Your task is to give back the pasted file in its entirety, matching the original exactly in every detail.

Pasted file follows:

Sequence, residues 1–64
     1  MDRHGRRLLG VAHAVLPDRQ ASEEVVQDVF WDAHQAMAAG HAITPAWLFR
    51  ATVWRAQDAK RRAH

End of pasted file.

Sequence, residues 1–64
     1  MDRHGRRLLG VAHAVLPDRQ ASEEVVQDVF WDAHQAMAAG HAITPAWLFR
    51  ATVWRAQDAK RRAH